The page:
Attracting attention is the teenage way of life. It's during this time that teenagers develop their body image: how they see themselves and how they want others to see them. Adolescence is a crucial period when events that adults may consider trivial mean everything to a teen.
Developing a healthy body image promotes self-esteem and confidence in young adults. Unfortunately, the opposite is also true, and an unrealistic view of one's body image may lead to life-threatening eating disorders.
A recent study done at the University of South Carolina suggests that the skimpy outfits worn by most cheer teams contributes to a higher percentage of eating disorders in cheerleaders, especially when the cheer uniforms are midriff-bearing.
Toni Torres-McGehee, author of the study, concluded that no matter how tiny cheerleaders in their study became, they all assumed that their coaches wanted them to be smaller still.
Having a teenager with an eating disorder is a devastating thought for parents. Eating disorders can lead to a multitude of health and mental problems and in tragic cases, death.
The three main types of eating disorders are anorexia, bulimia, and binge eating. Anorexia is characterized by an intense fear of weight gain, reluctance to eat, and an obsession with exercise.
Those who suffer from bulimia often overeat, then vomit in order to purge the food before the body can absorb it. Binge eaters habitually overeat, consuming large amounts of food at once.
All of these disorders are characterized by a seriously skewed body image, self-deprecation, and a preoccupation with food, eating and exercise.
These are serious disorders with complex mental and emotional roots. Trivializing or ignoring the problem does not help.
If you fear that your teenager is suffering under the burden of an eating disorder, seek help from a professional. Your family doctor can help you address the problem and direct you to programs that specialize in recovery.
The best way to stop your child from developing an eating disorder is to recognize the signs early, and act! Help your teen make good choices about food, develop self-esteem and have a healthy body image. Your help can make a world of difference. Some schools and community centers offer prevention programs.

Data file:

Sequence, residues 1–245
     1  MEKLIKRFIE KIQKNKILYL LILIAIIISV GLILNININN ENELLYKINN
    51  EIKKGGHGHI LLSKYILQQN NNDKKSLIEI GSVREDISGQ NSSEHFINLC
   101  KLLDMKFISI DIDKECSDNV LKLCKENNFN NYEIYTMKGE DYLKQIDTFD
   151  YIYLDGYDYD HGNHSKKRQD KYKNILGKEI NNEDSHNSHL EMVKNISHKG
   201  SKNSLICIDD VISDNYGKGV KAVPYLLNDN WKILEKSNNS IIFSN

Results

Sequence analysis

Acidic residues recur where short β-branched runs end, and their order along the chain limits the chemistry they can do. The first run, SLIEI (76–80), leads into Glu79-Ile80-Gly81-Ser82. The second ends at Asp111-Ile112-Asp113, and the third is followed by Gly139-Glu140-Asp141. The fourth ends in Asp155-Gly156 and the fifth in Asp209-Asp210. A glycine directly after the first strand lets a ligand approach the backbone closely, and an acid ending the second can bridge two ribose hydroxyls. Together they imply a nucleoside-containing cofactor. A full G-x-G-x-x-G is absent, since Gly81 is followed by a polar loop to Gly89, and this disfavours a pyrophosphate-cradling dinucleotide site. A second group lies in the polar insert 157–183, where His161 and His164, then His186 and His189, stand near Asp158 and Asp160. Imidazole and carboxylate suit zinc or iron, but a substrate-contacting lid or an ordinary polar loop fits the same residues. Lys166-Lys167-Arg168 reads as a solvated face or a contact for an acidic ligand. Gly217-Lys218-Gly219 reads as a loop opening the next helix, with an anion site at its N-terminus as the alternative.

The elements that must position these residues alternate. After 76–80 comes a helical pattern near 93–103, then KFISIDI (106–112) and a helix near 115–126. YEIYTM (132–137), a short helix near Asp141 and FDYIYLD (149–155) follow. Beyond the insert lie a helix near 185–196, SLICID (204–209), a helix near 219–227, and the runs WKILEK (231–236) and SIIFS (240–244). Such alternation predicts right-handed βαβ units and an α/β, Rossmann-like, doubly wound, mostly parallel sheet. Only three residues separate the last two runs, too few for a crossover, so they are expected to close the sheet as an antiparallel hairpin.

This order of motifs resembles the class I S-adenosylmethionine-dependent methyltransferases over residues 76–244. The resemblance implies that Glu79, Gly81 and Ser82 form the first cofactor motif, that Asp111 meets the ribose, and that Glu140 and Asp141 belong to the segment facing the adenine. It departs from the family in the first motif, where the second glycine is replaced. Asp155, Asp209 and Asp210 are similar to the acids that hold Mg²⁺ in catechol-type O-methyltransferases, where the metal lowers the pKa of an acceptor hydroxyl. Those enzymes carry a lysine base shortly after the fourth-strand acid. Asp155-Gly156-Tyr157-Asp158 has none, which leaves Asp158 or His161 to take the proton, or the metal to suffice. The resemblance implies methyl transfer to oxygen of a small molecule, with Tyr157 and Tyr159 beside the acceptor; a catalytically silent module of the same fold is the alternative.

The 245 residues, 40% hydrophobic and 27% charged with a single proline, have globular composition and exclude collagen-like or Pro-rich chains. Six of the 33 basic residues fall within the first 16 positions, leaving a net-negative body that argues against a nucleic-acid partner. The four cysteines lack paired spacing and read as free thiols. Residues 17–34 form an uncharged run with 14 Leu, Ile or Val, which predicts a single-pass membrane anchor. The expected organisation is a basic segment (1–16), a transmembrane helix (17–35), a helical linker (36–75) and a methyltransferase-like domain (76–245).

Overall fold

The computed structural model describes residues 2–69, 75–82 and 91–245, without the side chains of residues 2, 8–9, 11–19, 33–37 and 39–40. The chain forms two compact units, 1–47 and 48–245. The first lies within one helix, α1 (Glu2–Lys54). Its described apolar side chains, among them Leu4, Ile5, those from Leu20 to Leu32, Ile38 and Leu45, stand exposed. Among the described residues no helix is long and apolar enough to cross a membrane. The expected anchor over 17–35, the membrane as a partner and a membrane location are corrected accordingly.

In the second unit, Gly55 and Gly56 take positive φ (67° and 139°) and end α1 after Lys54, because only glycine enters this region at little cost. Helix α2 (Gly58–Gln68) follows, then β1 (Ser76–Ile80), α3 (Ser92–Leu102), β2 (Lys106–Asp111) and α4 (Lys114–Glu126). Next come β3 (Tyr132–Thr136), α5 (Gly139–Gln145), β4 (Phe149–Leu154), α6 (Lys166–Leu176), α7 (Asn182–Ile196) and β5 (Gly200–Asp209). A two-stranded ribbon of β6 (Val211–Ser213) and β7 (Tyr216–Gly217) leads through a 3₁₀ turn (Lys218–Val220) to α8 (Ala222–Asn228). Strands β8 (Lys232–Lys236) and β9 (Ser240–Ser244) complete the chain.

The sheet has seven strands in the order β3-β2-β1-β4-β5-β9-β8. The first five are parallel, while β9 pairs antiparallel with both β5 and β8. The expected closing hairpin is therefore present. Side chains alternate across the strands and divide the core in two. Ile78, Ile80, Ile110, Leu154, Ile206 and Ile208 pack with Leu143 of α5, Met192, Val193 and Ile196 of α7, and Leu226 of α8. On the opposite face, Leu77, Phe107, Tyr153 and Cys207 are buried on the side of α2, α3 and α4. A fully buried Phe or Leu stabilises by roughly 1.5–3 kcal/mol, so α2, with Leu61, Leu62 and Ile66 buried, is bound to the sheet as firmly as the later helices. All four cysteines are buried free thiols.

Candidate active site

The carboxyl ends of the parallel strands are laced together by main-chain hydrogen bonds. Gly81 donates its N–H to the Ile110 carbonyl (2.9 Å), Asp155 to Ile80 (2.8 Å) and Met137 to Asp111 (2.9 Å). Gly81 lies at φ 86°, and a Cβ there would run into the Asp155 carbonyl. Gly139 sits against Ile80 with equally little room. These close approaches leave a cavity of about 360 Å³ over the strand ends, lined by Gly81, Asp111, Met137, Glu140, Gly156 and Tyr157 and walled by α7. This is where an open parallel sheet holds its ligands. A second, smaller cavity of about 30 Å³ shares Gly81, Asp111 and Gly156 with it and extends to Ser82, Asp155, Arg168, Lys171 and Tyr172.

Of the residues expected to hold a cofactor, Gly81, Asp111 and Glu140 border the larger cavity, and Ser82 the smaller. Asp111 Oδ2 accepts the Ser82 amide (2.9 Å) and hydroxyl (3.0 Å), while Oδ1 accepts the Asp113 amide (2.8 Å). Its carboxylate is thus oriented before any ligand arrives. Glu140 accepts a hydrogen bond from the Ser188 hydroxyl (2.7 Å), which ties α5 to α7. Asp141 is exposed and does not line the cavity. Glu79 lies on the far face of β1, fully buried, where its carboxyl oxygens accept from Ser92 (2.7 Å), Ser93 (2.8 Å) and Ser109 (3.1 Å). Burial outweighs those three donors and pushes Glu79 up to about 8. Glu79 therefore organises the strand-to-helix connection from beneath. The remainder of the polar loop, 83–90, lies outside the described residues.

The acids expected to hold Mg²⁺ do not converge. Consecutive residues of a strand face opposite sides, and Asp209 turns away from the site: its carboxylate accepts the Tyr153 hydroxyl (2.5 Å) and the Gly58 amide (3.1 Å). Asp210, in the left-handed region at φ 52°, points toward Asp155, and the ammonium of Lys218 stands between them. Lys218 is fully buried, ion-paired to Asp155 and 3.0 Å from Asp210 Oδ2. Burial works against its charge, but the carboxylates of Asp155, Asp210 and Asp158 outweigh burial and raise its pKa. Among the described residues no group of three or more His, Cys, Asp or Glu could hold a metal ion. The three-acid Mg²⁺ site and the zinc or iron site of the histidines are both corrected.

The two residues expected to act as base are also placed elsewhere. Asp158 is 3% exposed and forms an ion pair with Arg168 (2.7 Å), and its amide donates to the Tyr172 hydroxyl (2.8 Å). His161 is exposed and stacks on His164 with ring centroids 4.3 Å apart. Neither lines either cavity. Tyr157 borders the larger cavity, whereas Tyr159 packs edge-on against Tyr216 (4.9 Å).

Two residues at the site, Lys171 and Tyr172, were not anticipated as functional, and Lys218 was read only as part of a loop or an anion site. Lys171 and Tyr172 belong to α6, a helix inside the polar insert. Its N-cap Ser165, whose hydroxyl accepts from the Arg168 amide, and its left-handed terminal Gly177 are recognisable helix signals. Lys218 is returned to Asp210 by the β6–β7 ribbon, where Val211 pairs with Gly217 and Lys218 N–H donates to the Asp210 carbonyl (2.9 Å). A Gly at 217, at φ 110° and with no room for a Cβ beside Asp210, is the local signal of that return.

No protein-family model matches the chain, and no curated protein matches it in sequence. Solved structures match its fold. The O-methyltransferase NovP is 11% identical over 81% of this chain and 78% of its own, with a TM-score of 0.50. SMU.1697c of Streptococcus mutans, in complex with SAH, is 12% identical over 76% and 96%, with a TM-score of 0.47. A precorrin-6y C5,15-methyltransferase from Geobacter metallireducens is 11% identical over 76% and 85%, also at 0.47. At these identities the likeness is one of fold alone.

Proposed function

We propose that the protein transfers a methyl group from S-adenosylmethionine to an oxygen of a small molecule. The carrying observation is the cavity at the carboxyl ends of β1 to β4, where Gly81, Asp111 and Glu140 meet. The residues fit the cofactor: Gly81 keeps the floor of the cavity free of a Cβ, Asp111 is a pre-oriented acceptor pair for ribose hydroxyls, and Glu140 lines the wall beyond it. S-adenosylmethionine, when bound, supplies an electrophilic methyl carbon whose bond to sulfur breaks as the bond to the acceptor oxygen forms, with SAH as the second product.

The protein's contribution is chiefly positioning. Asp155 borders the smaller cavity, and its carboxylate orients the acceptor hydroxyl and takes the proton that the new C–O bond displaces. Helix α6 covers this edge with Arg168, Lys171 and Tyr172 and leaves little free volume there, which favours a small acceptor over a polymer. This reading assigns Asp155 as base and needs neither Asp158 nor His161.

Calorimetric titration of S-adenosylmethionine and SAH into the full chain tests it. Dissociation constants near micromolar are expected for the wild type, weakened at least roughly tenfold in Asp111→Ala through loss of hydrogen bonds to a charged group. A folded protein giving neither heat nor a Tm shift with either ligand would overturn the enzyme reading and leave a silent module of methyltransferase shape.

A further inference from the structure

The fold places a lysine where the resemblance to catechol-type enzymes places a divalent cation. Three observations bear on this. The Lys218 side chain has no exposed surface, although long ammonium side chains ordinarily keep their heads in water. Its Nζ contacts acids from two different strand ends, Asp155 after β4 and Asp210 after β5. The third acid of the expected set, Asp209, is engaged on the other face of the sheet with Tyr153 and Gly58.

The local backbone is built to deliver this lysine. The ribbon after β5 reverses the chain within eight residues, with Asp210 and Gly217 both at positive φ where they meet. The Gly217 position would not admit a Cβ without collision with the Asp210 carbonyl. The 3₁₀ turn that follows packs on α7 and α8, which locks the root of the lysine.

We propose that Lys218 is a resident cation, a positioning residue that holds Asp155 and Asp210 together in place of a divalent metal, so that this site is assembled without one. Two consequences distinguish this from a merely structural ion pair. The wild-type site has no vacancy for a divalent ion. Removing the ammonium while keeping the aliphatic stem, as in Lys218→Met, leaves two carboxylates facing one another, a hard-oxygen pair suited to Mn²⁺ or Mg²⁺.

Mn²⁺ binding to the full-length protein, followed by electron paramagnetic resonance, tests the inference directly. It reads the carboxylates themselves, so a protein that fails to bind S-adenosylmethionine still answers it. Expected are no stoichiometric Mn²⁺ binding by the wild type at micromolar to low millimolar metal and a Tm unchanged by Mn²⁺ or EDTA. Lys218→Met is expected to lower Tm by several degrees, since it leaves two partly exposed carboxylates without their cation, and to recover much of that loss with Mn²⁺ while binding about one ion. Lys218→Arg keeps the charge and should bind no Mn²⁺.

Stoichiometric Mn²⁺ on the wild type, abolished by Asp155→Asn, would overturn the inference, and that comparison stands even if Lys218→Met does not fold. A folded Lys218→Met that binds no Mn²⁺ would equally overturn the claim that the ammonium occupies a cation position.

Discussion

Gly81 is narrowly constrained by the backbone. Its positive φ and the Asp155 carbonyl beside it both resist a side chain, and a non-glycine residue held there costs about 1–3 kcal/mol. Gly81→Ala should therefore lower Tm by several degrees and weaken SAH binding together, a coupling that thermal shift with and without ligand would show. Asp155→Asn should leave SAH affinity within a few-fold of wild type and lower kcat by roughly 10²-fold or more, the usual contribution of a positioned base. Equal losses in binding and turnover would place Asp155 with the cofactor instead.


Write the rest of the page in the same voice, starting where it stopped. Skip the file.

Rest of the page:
As awareness of eating disorders and their connection to cheerleading rises, many schools and cheer programs have taken steps to protect their cheerleaders. Midriff-baring cheer uniforms are being replaced with more age-appropriate attire and cheerleaders are being coached with acceptance instead of a drive for perfection.
Ask your teen's coaches what they're doing to promote a healthy body image, and see what you can do to help.
While many argue about whether cheerleading should be considered a sport, routines become more and more difficult, requiring athleticism well beyond anything that cheer squads did a couple of decades ago.
Your bouncy teen may be thrilled to cheer at her high school, but clubs like Cheer Extreme in North Carolina exist to prepare kids from second grade to college for challenging competitions.
If your child is sensitive or fearful in a competitive environment, think twice about enrolling her in a situation that could exacerbate the conditions that lead to eating disorders.
Torres-McGehee, T.M., Green, J.M., Leeper, J.D., Richardson, M., Leaver-Dunn, D., Bishop, P.A. (2007). Prevalence of eating disorders: Effects of body image and anthropometric measures in auxiliary units. Medicine in Science in Sport Exercise, 39(5), S409. Torres-McGehee, T.M., Monsma, E.V., Washburn, S., Minton, D.M., Searson, J.R. (2010), Prevalence of Eating Disorder Risk and Body Image in NCAA Collegiate Cheerleaders. Medicine in Science in Sport Exercise, 42(5), S288-289. Levine, M., Maine, M. (2005). Eating disorders can be prevented! National Eating Disorders Association. Retrieved March 30, 2011, from www.NationalEatingDisorders.org